Anne & Gilbert
by Sean McQuaid
Lucy Maud Montgomery’s literary offspring Anne Shirley is a constant presence in PEI, but with an ever-changing face. Each version of the character has its own flavour, and assorted interpreters put their stamp on her story.
As such, the Harbourfront Jubilee Theatre’s Anne & Gilbert unfolded largely as expected for this long-absent reviewer: a pleasant reunion with an old friend who’s comfily familiar yet somehow different.
It’s a year of the new for Anne & Gilbert: a new director (former cast member Martha Irving) and new incarnations of Anne (Amy Reitsma), Gilbert (Jory Rossiter) and Marilla (veteran Island singer Pamela Campbell in Irving’s old role).
For that matter, Anne & Gilbert itself retains the sheen of novelty; launched a mere five years ago, just a freckled fraction of the decades-long Anne of Green Gables musical run, it still feels fresh. Where Green Gables charts Anne’s childhood, Anne & Gilbert tackles Anne Shirley’s young adulthood, especially her romance with Gilbert Blythe.
Anne & Gilbert’s music, composed by Bob Johnston and Nancy White with a lyrical assist from Jeff Hochauser, is as lively and memorable as its Charlottetown Festival counterpart, and more versatile in terms of tone, mood and style.
Hochauser’s book stays true to the characters while giving them a modern sensibility. Peppered with sly humour, romantic sparring and even occasional glimmers of mercifully genteel sexual innuendo, it’s a more grown-up script for a more grown-up Anne, while carefully preserving the characters’ natural sweetness.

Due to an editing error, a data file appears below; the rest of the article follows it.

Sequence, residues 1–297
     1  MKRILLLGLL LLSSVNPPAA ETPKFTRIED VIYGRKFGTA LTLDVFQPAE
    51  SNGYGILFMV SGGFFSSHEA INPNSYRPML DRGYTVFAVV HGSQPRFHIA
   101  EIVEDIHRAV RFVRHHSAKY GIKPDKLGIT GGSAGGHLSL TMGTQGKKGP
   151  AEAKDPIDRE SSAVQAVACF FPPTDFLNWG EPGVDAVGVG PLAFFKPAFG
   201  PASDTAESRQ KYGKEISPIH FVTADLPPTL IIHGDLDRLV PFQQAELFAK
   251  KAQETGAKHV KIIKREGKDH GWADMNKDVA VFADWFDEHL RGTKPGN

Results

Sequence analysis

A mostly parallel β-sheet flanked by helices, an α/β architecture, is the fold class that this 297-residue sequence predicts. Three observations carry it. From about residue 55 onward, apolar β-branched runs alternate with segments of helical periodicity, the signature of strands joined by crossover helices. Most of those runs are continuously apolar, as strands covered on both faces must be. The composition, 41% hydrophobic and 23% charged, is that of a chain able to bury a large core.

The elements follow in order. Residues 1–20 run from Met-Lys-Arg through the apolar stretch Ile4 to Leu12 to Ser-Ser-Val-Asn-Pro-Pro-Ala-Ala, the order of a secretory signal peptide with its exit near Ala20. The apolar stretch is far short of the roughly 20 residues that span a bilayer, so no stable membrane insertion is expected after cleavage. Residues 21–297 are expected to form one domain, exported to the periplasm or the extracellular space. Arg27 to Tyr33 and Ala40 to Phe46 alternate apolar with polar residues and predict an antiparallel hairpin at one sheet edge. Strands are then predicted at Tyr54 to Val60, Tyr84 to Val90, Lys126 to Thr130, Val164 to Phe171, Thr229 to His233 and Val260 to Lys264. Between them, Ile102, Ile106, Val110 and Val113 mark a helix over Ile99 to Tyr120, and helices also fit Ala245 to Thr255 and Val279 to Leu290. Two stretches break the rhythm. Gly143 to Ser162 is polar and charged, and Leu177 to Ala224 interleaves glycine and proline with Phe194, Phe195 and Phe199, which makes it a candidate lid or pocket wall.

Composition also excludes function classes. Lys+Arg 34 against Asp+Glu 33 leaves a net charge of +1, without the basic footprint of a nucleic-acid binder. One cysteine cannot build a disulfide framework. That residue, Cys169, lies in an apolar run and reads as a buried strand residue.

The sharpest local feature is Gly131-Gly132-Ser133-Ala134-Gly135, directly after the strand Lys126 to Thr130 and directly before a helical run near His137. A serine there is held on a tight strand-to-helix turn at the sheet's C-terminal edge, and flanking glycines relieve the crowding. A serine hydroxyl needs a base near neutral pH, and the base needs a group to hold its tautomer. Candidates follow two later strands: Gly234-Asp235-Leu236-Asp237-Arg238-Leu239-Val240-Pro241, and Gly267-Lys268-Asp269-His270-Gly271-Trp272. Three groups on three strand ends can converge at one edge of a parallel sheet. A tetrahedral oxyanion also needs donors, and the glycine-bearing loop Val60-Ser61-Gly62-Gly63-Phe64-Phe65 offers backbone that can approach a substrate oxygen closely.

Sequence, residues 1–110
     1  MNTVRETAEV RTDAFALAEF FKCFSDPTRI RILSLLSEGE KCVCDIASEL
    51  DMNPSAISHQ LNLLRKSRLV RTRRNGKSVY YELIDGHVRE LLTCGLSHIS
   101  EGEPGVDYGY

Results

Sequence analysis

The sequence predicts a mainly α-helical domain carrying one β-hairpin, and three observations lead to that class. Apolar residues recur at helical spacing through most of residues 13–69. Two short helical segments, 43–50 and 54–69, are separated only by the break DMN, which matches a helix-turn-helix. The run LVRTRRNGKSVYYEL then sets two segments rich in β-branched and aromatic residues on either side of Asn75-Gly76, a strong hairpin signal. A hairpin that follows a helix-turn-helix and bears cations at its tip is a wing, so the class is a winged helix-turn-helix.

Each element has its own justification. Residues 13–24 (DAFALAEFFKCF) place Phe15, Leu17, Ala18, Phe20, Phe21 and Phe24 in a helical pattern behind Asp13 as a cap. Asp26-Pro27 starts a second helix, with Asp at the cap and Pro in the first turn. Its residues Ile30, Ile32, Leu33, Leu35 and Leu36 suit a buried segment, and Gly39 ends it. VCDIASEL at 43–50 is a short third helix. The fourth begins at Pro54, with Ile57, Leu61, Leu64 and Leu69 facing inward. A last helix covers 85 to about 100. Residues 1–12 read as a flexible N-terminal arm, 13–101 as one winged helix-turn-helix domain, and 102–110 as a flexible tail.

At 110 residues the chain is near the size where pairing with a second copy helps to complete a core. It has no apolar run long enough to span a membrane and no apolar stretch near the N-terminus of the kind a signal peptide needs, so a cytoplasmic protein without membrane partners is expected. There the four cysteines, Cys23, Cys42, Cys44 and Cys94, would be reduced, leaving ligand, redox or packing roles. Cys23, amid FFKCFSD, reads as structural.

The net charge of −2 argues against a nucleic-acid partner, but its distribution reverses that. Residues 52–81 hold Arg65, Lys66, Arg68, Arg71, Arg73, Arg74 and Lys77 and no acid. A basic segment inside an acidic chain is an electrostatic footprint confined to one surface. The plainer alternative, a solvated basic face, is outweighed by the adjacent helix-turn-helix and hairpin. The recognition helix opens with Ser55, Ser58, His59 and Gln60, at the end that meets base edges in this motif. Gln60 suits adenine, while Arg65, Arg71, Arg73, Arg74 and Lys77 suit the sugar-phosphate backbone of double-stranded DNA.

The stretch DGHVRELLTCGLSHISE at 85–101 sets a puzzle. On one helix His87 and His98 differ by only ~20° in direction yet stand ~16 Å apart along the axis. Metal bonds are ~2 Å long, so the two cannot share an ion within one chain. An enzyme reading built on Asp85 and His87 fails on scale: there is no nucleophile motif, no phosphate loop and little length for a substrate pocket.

The story drags a bit in act two, becoming heavy-handed or repetitious at times (no less than four heartwarming letter-readings stoke the plot), but it never bogs down for long, and Irving always keeps the show moving briskly.
Reitsma’s crisp enunciation and emotional intensity capture Anne’s intelligence without sacrificing her playfulness, and Rossiter injects enough vulnerability and self-mockery into his Gilbert to make the often-smug character as charming as intended. Campbell’s Marilla evokes the inner warmth wrapped in outer reserve so essential to the character, and Brittany Banks is a font of impeccable comic timing as Anne’s chum Diana.
Other standouts include Robin Craig’s tart-tongued Mrs. Lynde, Brieonna Loche’s lean and hungry Josie, Anders Balderston’s likeably needy Moody, and an animated, engaged Page Gallant making the most of her bit parts.
The colourfully costumed cast looks great apart from a few conspicuous microphones, and assorted quirks of lighting and movement spice up the often plain set, such as a lovely night-lit graveyard scene or Gilbert “swimming” below the main stage. In its best moments, Anne & Gilbert is as playful as Montgomery’s characters themselves.